Ash from your fireplace or outdoor fire pit can be a useful amendment to your garden. In its raw state, ash can discourage insects living in the compost pile from migrating to the rest of your garden. It can also add lime and potassium to the soil. When used in compost, ash adds valuable nutrients without changing the pH of the soil. The exact nutrients depend on the type of wood that is burned. Layering wood ash into the compost pile also helps control odors and neutralizes the pH of the compost. (See References 1)
Build Your Compost Pile
Choose a location for your compost bin or pile. Ideally, this location should be shaded and near a water source. This will prevent the compost from drying out in hot weather. If you are building your compost pile directly on the ground, be sure you have a 3-foot by 3-foot space available.
Layer 6 inches of brown, carbon-rich materials such as dry leaves or twigs in the compost bin or on the ground.
Add a 3-inch layer of green, nitrogen-rich materials such as grass clippings or kitchen scraps.
Sprinkle a thin layer of soil or finished compost over the pile.
Add a thin layer of ash to the compost pile or bin.
Repeat these layers until you run out of compost materials.
Use the hose to spray down the entire compost pile. Do not saturate the pile. It should be about as moist as a damp sponge.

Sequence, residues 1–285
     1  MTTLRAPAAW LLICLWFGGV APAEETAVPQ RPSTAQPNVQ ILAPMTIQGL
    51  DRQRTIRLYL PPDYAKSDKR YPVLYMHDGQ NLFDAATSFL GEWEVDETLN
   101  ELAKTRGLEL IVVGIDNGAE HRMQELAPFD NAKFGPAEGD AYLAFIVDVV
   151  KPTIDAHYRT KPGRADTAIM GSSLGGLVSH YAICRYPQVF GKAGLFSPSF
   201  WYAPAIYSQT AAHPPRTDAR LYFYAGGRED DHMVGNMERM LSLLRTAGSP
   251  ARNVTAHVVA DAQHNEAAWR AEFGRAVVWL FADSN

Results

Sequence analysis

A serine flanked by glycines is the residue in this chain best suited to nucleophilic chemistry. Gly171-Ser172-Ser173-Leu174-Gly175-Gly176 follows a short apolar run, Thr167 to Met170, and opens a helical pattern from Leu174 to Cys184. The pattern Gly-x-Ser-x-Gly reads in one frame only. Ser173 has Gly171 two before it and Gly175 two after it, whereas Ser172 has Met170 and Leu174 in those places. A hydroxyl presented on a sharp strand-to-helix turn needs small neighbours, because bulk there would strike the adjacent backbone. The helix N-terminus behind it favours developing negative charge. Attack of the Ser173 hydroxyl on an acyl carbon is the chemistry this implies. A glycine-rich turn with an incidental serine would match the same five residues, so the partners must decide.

Maintain Your Compost Pile
Use a shovel or pitchfork to turn the compost weekly. Move materials from the outside of the pile toward the center, and materials from the center toward the edges.
Spray down the compost pile with water if it is too dry.
Cover the bin or pile with a tarp -- and secure the edges with rocks to prevent heat and moisture loss -- in the event it dries out quickly.
Continue to add compost materials and ash to the pile as you accumulate them. Turn the pile thoroughly after you add new materials to ensure they are well-mixed.
- Insects, grubs and other creatures are an integral part of the compost process. If your compost bin or pile is near your garden and you are concerned about those creatures migrating out of the compost, spread a ring of ash around the pile. Most crawling creatures will not cross the line. (See References 2)
- Do not use charcoal ash in your compost pile. It may contain elements that are harmful to certain plants. (See References 3)
- Do not use ash from black walnut wood. It contains chemical elements that are harmful to plants. (See References 3)
Tricia Ballad is a writer, author and project geek. She has written several books including two novels, teaches classes on goal setting and project planning for writers, and loves to cook in her spare time. She is living proof that you can earn a living with a degree in creative writing.